Pepsi Bottle Cap Flap in Philippines
* Your front-page story on July 26 (“Bottle Cap Flap Riles the Masses”) omits several crucial facts about Pepsi’s handling of its “Number Fever” promotion in the Philippines. As a result, while the writer’s epic tale of an admittedly unfortunate event makes for great reading, it is a seriously unbalanced piece of reportage.
Here are the most blatant omissions:
1. Allegation: Pepsi had announced the “wrong number” and now “refuses to pay” billions of dollars.
Fact: The number announced, 349, was actually a winning number. The confusion occurred because a computer glitch seeded the marketplace with hundreds of thousands of caps bearing the 349 number, but lacking the authenticated security code required by the promotion rules. About 20 consumers with crowns bearing 349 and an authenticated security code were awarded prize amounts as indicated on the cap. The reporter infers that Pepsi did not pay the rest because the amount was enormous. The fact is, these crown holders weren’t winners, according to the rules.
2. Allegation: “Suing Pepsi has become the choice of a new generation . . . more than 5,200 criminal complaints for fraud and deception” have been filed.
Fact: The reporter fails to mention that the Philippines Department of Justice ruled on Jan. 12, 1993, that there is no basis for criminal charges against Pepsi. More than 7,000 criminal cases, including all 1,400 in Manila, have been dismissed.
3. Allegation: The article says it was to our bottler’s “horror” that nearly 500,000 people accepted Pepsi’s goodwill offer of about $20 for each incorrect cap.
Fact: Our bottler was fully prepared to pay the total sum it offered to Filipino consumers. The overwhelming majority of consumers--above 80%--accepted our offer as fair and just.
4. Allegation: “The anti-Pepsi crowds won support from Sen. Gloria Macapagal-Arroyo, head of the Senate’s trade and commerce committee” who said “Pepsi was grossly negligent.”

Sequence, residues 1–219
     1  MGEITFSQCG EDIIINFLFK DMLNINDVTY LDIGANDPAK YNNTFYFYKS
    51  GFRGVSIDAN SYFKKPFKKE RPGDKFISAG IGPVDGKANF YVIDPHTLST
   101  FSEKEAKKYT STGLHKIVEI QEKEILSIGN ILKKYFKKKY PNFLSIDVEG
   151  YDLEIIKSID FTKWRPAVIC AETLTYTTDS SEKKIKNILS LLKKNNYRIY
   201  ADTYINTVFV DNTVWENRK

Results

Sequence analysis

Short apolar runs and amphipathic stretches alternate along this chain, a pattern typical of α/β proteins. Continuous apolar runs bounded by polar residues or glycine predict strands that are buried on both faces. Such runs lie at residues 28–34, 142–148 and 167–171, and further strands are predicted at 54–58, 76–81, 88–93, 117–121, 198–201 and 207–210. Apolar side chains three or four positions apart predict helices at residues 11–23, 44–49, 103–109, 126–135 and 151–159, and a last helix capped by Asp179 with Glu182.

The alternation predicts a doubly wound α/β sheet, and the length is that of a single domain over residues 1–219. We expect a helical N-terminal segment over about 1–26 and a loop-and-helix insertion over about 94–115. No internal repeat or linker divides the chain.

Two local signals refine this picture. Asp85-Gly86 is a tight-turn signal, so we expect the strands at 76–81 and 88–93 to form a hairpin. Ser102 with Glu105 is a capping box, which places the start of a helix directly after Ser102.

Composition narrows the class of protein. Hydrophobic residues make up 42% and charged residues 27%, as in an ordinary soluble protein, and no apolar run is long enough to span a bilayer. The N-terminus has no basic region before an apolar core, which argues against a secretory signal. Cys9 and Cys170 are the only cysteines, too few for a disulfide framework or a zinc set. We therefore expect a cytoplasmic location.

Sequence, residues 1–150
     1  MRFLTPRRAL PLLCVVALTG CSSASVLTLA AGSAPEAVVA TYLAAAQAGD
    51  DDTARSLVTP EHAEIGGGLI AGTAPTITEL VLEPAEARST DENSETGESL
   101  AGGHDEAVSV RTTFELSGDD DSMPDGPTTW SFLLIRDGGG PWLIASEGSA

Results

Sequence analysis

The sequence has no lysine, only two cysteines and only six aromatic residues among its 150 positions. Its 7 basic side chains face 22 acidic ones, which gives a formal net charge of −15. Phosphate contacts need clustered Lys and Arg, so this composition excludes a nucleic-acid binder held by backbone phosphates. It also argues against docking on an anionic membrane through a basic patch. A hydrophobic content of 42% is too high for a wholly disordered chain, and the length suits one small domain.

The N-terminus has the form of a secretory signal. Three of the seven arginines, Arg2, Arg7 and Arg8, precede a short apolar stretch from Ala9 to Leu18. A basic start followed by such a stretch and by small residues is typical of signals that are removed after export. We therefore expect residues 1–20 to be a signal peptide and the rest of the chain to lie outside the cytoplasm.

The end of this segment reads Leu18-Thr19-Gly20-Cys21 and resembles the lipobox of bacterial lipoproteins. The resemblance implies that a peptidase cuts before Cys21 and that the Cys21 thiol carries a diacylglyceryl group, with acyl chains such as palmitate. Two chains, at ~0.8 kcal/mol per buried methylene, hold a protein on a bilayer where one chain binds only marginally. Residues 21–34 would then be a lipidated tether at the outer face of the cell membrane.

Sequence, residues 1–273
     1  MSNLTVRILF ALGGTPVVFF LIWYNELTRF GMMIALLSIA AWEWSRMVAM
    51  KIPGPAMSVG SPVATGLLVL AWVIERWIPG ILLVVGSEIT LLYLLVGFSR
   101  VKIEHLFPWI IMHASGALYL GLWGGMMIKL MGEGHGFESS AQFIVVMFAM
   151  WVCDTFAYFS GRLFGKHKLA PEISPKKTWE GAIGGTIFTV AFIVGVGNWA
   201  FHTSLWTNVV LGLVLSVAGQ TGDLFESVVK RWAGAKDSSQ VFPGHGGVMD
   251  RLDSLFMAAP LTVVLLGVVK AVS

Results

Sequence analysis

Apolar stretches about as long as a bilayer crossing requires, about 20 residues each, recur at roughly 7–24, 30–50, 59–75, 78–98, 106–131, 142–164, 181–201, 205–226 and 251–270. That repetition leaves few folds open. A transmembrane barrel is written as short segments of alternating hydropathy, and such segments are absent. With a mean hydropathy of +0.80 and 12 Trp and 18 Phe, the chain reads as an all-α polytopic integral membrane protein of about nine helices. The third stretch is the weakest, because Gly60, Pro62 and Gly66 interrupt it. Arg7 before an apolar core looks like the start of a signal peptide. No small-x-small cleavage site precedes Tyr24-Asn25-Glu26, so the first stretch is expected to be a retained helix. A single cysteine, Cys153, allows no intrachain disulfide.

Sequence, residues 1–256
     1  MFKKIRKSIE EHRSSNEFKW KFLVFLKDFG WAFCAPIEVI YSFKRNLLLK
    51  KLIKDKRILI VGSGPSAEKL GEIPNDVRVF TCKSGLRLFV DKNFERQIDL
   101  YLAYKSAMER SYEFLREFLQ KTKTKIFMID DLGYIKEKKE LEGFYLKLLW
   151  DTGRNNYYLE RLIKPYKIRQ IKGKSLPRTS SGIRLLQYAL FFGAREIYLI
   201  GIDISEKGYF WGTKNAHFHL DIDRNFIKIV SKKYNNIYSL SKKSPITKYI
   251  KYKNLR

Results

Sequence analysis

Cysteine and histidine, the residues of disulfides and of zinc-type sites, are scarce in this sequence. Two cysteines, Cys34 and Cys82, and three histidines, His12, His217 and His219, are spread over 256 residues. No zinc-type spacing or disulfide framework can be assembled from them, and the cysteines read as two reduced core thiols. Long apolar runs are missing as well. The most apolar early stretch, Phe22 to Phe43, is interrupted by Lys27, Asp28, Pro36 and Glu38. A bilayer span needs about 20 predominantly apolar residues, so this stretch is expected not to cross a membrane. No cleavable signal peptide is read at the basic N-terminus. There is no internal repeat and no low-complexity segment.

Fact: The reporter chose not to mention that the senator based her inflammatory remarks on an alleged Senate committee report that had not been seen or approved by her fellow committee members. In fact, such a report is in direct violation of a Philippines Supreme Court ruling that forbids Senate committees from investigating cases already under consideration in civil court.
5. Allegation: The article cites one of the protest leaders, Vic del Fierro, as saying, “I would be remiss in my Christian obligation if I didn’t help these people.”
Fact: While the article does go on to report that Del Fierro “is well paid for his crusade” through sizable membership fees and “. . .10% of any money they may get from Pepsi,” the reporter never raises the possibility that there may be a link between the protest groups and the well-orchestrated campaign of violence that has been employed to keep the issue alive.
Thankfully, we can take solace in the fact that, in the Philippines, the vast majority of consumers support the honesty and integrity of our efforts and have rewarded us with a resurgence in sales.
KENNETH M. ROSS
Vice President, Public Relations
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